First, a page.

Tone Stacks - Part 1a - Passive Filters

Chuck D. Bones

Circuit Wizard
Tone stacks show up in the vast majority of pedals and amps. This article will discuss at a top level what they do, how they do it, how to design them and how to mod them. You'll want to have Duncan's Tone Stack Calculator (TSC) handy so you can follow along. Hardcore enthusiasts will want to run some LTSpice simulations. Good news everyone! There won't be any math!

Low-Pass Filter
The simplest tone stack is a low-pass filter. One way to implement it is how it's done in the Rat. The FILTER control varies the corner freq and R7 sets an upper bound to the corner freq.
Rat tone stack.png
Each line in the plot below corresponds to a setting of the FILTER knob from 0 to 10.

Rat filter curves.png

We can easily retune this filter by changing C8. Making C8 larger lowers the corner frequencies, allowing darker settings.

Another version of the low-pass filter is used in the Boss Blues Driver, Marshall BluesBreaker, M.I. Audio Crunch Box and some of the Cornish pedals. This is called a shelving filter; take a look at the curves below and you'll see why. The corner freq is constant, but the amount of cut is variable. This is the Cornish G-2 tone stack:
Cornish G2 tone stack.png
We can cajole TSC into simulating this tone stack by removing some parts from the Big Muff tone stack. I deleted R1 and R2 by making them very large and effectively jumpered C1 by making it very large.

Cornish G2 tone stack curves.png

This filter can be retuned by changing C2 (in the TSC schematic). Larger darkens the filter and smaller makes it brighter. Changing the TONE pot to A-taper will make the bottom end of rotation less touchy.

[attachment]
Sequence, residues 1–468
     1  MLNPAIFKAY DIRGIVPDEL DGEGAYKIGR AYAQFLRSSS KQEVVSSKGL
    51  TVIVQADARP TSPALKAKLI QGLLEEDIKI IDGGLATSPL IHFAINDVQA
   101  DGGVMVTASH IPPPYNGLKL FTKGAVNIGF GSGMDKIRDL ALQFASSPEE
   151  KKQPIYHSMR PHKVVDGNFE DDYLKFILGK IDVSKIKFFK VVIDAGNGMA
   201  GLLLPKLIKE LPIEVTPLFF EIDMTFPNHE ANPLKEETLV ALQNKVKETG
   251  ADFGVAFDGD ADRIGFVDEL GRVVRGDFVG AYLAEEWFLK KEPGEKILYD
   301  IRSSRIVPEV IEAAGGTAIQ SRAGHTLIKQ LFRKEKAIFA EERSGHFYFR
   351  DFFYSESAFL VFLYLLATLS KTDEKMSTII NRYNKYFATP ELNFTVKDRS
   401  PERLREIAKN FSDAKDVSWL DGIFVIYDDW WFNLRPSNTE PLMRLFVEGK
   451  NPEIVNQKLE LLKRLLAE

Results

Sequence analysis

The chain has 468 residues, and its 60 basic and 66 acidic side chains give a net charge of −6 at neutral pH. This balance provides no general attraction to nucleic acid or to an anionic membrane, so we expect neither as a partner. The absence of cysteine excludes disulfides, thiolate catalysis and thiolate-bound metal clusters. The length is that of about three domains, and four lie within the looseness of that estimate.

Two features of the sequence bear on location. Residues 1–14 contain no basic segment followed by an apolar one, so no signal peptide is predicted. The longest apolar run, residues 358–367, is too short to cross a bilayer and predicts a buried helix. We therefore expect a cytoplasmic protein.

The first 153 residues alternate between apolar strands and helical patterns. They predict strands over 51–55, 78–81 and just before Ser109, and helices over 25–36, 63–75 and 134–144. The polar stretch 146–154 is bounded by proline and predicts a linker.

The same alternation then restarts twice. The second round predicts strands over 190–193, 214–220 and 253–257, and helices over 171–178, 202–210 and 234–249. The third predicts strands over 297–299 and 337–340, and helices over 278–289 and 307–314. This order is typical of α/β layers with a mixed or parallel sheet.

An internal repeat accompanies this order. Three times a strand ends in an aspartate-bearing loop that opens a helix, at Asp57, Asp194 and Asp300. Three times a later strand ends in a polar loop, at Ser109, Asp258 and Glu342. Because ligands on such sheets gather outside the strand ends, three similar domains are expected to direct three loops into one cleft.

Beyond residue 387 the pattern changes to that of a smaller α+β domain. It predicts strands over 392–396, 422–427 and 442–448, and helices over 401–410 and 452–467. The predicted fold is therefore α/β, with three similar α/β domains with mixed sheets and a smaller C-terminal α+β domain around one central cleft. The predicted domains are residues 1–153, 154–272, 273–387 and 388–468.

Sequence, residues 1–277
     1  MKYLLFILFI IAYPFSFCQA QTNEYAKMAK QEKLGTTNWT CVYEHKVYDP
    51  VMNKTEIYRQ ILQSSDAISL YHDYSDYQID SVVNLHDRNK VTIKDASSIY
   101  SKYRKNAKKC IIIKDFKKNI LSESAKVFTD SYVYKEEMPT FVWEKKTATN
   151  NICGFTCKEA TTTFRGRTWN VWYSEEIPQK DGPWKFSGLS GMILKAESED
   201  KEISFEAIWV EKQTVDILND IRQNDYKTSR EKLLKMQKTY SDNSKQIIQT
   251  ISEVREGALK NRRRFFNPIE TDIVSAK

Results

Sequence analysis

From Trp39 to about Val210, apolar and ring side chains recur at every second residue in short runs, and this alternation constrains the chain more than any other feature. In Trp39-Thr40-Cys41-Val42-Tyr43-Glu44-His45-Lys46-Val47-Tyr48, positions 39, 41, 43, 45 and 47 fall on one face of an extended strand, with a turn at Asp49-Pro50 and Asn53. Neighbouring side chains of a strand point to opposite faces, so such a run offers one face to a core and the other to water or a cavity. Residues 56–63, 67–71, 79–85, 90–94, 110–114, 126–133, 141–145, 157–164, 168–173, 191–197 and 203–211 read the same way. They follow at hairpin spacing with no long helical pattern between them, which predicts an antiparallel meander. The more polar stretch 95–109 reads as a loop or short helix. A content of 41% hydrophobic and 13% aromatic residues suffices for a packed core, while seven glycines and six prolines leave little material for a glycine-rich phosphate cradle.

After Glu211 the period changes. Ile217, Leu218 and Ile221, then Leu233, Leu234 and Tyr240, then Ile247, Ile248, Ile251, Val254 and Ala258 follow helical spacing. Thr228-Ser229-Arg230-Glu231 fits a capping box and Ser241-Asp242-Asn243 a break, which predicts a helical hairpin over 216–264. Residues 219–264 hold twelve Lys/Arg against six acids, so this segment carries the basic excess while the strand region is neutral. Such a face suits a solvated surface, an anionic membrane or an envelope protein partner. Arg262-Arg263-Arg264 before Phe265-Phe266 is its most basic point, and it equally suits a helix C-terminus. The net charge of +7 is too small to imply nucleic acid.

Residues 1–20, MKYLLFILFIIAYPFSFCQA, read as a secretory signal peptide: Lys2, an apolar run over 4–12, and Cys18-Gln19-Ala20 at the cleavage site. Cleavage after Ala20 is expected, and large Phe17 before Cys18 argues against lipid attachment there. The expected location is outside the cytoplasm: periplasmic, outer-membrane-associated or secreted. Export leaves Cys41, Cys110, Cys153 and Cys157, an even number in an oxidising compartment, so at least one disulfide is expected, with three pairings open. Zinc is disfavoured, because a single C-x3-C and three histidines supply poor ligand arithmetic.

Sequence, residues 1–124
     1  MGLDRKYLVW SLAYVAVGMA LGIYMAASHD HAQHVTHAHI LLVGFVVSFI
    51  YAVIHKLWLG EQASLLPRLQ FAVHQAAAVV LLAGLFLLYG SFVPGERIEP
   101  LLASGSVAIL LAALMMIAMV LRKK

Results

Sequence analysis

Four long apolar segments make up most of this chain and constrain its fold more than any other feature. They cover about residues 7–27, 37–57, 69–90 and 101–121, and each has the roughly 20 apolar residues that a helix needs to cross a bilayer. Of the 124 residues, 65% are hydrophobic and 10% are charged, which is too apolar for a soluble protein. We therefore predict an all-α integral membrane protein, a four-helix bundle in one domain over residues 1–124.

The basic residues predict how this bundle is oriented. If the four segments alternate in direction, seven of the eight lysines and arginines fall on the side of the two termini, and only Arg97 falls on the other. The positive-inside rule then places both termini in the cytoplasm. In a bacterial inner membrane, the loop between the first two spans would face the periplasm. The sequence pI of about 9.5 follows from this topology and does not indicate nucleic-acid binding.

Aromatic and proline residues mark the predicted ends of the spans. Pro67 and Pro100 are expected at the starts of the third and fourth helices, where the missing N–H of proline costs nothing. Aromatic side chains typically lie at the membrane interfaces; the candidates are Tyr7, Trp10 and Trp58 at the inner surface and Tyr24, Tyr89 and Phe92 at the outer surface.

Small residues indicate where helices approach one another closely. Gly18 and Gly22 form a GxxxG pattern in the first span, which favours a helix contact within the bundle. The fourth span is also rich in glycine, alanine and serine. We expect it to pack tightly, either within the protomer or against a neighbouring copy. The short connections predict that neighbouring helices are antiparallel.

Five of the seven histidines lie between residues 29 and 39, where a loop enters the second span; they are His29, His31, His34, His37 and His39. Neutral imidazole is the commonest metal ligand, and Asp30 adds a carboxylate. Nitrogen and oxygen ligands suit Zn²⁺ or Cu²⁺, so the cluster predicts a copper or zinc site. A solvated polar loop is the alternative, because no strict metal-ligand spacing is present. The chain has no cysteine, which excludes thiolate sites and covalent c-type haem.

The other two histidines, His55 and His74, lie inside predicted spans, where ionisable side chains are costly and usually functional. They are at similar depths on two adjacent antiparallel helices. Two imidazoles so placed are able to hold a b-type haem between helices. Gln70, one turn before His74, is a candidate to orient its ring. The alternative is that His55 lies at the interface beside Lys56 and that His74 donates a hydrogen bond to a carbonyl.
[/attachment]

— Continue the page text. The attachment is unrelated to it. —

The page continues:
Big Muff
The Big Muff tone stack shows up in more pedals than any other tone stack. It's a simple and effective combination TREBLE - BASS control. In its earlier incarnations, it had a mid notch that caused some users, myself included, to dislike it because we couldn't find a satisfactory setting. Here it is with the original component values and the dreaded mid notch. It's basically a high-pass filter (C1 & R2) and a low-pass filter (C2 & R1) in parallel with a blend control.

Big Muff original tone stack curves.png

Boutique pedal builders will replace R2 with a pot or add switches to change the capacitors so that users can adjust the high-pass and/or low-pass corner frequencies. If the two corner frequencies are made equal, then the notch disappears.

Big Muff flat tone stack curves.png

C1 & R2 affect the high-pass side of the filter. Making R2 smaller increases the bass cut. Making either or both C1 and R2 smaller moves the high-pass corner freq up, which deepens the mid notch and makes the tone hotter above noon. C2 & R1 set the low-pass corner freq. Making either or both smaller moves the corner freq up, increasing the midrange content. It's possible to create a mid hump by making the low-pass corner freq higher than the high-pass corner freq.

Big Muff hump tone stack curves.png

A variant on the Big Muff tone stack removes R2. The result is less bass cut when TONE is set above noon. The notch can be deepened or eliminated by varying the capacitor values. I use this in several of my pedal designs.

Big Muff modded tone stack curves.png

I'm almost at the limit for # of attached files, so on to part 1b...


Well-known member
Great stuff. I literally smacked my face reading that bit about flattening the Muff stack by making the values match. It's so obvious when you put it that way, but I never thought about it like that before.